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-   -   Challenging integral marathon! (http://mymathforum.com/calculus/345077-challenging-integral-marathon.html)

 Joppy October 4th, 2018 06:42 PM

Challenging integral marathon!

The idea is poached from the AOPS forum.

Rules: Solve the integral in the previous post (show your working) and provide the next challenging integral for the next person. This is open to suggestion/refinement, I'm just getting us started..

Problem 1 (by greg1313)

Quote:
 Originally Posted by greg1313 (Post 600352) $$\int\frac{x-1}{x+x^2\log(x)}\,dx$$

Solution 1 (by Skipjack)

Quote:
 Originally Posted by skipjack (Post 600367) For $x$ > 0, $\displaystyle \!\int\! \frac{x - 1}{x + x^2\ln(x)}\,dx = \!\int\!\left(\frac{1 + \ln(x)}{1 + x\ln(x)} - \frac{1}{x}\right)dx = \ln(1 + x\ln(x)) - \ln(x) + \mbox{C}$, where $\mbox{C}$ is a constant.

Problem 2

$$\int_0^\infty x e^{1-x} - \left\lfloor{x}\right\rfloor e^{1 - \left\lfloor{x}\right\rfloor} \, dx$$

 v8archie October 4th, 2018 07:39 PM

\begin{align}\int_0^\infty x e^{1-x} - \left\lfloor{x}\right\rfloor e^{1 - \left\lfloor{x}\right\rfloor} \, \mathrm dx &= \int_0^\infty x e^{1-x} \,\mathrm dx - \left( 1+2e^{-1} + 3e^{-2} + \ldots \right) \\ &= -xe^{1-x}\bigg|_0^\infty + \int_0^\infty e^{1-x} \,\mathrm dx - \left( 1\left(e^{-1}\right)^0+2\left(e^{-1}\right)^1 + 3\left(e^{-1}\right)^2 + \ldots \right) \\ &= 0 - e^{1-x}\bigg|_0^\infty - \left(\frac{\mathrm d}{\mathrm dx} (1-x)^{-1}\right) _{x=e^{-1}} \\ &= e-\left(-(1-x)^{-2}\right) _{x=e^{-1}} \\ &= e + \left( \frac1{1-e^{-1}}\right)^2 \\ &= e +\frac{e^2}{e^2-2e+1} \\ &= \frac{{e^3-2e^2+e}+e^2}{e^2-2e+1} \\ &= \frac{e^3-e^2+e}{e^2-2e+1}
\end{align}

 SDK October 4th, 2018 08:38 PM

Rewrite it as a sum
$\int_0^\infty x^{1-x} - \lfloor x \rfloor e^{1-\lfloor x \rfloor} = \sum_{n=0}^\infty \int_n^{n+1} x^{1-x} \ dx - ne^{1-n}$
Now compute the integral via $\frac{d}{dx}(x+1)e^{1-x} = -xe^{1-x}$ and evaluate on $[n,n+1]$. This simplifies the sum to
$\sum_{n=0}^\infty (2-n)e^{1-n}$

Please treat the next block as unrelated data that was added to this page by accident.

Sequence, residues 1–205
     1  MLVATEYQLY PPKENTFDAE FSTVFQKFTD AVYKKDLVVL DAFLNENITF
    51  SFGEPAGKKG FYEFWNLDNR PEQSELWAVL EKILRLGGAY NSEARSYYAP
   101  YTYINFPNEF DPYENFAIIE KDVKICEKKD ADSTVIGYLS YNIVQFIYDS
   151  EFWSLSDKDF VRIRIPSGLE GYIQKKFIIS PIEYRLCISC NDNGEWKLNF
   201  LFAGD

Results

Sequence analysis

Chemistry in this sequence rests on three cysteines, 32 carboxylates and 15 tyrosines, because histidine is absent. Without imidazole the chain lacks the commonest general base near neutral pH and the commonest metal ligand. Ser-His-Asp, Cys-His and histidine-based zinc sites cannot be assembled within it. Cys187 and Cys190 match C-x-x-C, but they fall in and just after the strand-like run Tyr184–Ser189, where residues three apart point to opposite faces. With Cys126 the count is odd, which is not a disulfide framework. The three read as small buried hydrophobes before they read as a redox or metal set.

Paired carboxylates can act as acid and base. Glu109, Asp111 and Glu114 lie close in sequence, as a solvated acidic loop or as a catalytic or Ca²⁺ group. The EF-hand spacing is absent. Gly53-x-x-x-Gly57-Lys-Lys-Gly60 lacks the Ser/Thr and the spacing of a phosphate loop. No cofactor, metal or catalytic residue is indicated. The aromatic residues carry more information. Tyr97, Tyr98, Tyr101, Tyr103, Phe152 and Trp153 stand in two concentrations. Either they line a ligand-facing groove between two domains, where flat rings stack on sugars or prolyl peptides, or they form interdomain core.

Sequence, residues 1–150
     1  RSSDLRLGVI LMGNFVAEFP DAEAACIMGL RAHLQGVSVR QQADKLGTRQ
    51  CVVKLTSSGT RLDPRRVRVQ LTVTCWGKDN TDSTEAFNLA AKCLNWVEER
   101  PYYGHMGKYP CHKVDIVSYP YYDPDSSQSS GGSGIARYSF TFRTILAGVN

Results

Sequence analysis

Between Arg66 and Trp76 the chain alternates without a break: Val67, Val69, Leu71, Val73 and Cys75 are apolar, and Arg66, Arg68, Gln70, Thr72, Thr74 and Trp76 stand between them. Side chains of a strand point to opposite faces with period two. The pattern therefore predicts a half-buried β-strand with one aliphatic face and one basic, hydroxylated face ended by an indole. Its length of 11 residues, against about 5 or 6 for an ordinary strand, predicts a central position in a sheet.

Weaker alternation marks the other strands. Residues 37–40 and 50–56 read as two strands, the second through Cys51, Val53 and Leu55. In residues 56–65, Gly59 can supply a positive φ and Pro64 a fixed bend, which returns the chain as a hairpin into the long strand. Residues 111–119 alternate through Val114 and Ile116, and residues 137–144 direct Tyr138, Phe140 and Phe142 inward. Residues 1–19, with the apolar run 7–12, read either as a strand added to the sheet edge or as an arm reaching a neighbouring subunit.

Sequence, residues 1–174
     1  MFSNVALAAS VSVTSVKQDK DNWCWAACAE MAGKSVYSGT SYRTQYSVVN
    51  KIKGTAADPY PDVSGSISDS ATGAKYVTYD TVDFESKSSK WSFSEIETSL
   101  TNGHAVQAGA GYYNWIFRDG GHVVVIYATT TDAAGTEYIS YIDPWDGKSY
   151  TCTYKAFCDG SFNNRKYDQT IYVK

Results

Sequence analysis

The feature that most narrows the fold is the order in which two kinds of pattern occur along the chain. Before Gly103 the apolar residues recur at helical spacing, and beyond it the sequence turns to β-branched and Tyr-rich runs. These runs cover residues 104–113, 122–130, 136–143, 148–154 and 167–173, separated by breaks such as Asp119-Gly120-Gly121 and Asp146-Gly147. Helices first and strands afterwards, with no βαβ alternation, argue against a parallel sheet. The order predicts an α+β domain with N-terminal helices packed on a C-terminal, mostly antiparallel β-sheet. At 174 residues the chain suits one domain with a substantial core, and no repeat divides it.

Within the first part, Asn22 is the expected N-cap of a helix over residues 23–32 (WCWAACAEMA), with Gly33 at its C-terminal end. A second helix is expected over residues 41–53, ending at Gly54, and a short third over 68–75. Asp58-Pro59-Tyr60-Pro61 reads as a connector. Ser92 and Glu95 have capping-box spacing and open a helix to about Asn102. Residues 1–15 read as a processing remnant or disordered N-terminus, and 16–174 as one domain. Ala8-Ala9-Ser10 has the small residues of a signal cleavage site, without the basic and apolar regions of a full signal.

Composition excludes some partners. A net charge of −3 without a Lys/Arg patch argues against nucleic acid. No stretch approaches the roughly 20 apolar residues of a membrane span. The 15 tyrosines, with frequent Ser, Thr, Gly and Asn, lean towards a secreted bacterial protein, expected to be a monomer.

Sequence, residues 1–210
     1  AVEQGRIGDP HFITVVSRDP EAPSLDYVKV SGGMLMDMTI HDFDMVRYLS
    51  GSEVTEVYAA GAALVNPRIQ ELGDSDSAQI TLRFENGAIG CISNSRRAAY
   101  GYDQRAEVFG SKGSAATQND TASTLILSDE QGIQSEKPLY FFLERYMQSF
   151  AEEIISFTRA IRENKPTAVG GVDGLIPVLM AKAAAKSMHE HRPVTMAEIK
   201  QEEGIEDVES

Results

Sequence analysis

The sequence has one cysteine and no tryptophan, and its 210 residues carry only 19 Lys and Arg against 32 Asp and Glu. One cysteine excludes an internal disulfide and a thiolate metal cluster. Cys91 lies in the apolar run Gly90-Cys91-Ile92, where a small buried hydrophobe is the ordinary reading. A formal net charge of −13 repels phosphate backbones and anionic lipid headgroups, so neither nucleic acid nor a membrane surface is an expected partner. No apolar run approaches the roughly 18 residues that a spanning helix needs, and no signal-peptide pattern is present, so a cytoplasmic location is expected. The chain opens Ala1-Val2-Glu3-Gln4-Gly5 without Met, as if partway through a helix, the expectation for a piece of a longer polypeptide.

but this is just the series expansion for the derivative of $\frac{e^2}{1-x}$ evaluated at $x = e^{-1}$. Since this series converges uniformly for $|x| < 1$, it follows that $\sum_{n=0}^\infty (2-n)e^{1-n} = -\frac{e^2}{(1-e^{-1})^2}$

 Joppy October 4th, 2018 08:54 PM

Alternate solutions are good but please provide a new problem afterwards so we can keep it going :).

 v8archie October 4th, 2018 09:48 PM

$$\int \frac{\sqrt{x+1} - \sqrt{x-1}}{\sqrt{x+1}+\sqrt{x-1}} \,\mathrm dx$$

Answers without trigonometric or hyperbolic functions.

 SDK October 6th, 2018 07:49 AM

This one is quite good. I still haven't found a solution without trig/complex exponentials. Looking forward to reading the solution when somebody smarter than me figures it out.

 v8archie October 6th, 2018 08:53 AM

I don't mean that you can't use them to get to your answer, but the final answer shouldn't contain them.

 skipjack October 6th, 2018 09:14 AM

Quote:
 Originally Posted by v8archie (Post 600470) Answers without trigonometric or hyperbolic functions.
Any final answer that happens to involve trigonometric or hyperbolic functions explicitly can be rewritten using exponential or logarithmic functions instead, so that's not a significant restriction.

 SDK October 6th, 2018 12:53 PM

Quote:
 Originally Posted by v8archie (Post 600566) I don't mean that you can't use them to get to your answer, but the final answer shouldn't contain them.
I finally have a solution without using any trig/complex exponentials but I don't have a good integral to suggest to replace it so I'll defer answering until I think of something good.

 SDK October 6th, 2018 03:41 PM

Quote:
 Originally Posted by v8archie (Post 600470) $$\int \frac{\sqrt{x+1} - \sqrt{x-1}}{\sqrt{x+1}+\sqrt{x-1}} \ dx$$ Answers without trigonometric or hyperbolic functions.
Let $F$ denote the function given by this integral defined on a domain with $x > 1$.
Start by noticing the factorization $\displaystyle \frac{2}{\sqrt{x+1}+\sqrt{x-1}} = {\sqrt{x+1}-\sqrt{x-1}}$. Substituting for the denominator of the integrand and simplifying, we have $\displaystyle F = \int 1 - \sqrt{x^2 - 1} \ dx = x - \int \sqrt{x^2 - 1} \ dx$
Next, we recall the integral identity $\displaystyle \int f(x) \ dx = xf(x) - \int xf'(x) dx$ which holds for $f \in C^1\!$. Applying this to $f = \sqrt{x^2-1}$ we get $\displaystyle F = x - \int \sqrt{x^2 - 1} \ dx = x - x\sqrt{x^2-1} + \int \frac{x^2}{\sqrt{x^2-1}} \ dx$

Write $\displaystyle \frac{x^2}{\sqrt{x^2-1}} = \sqrt{x^2-1} + \frac{1}{\sqrt{x^2-1}}$ so we can solve for the integral of $f$:

$\displaystyle 2 \int \sqrt{x^2-1}\,dx = x \sqrt{x^2-1} - \int \frac{1}{\sqrt{x^2-1}}\,dx$

Finally, we can solve this last integral by trig substitution with $x = \sec (s)$ and noting that $\int \sec s \ ds = \log( \tan s + \sec s)$.
Adding up this mess, we get $\displaystyle F = x - \frac{1}{2} \left(x \sqrt{x^2-1} - \log{\large(}\sqrt{x^2-1} + x{\large)} \right)$.

Sorry about the formatting. For some reason, only inline math mode will compile properly.

Anyways, I remembered the following integral which kept me busy for a few hours (or more) in grad school. Enjoy.

Compute
$\int_0^{2\pi} \log \Gamma (\frac{x}{2 \pi}) \exp(\cos x) \sin(x + \sin x) \ dx$ where $\Gamma$ is the usual gamma function.

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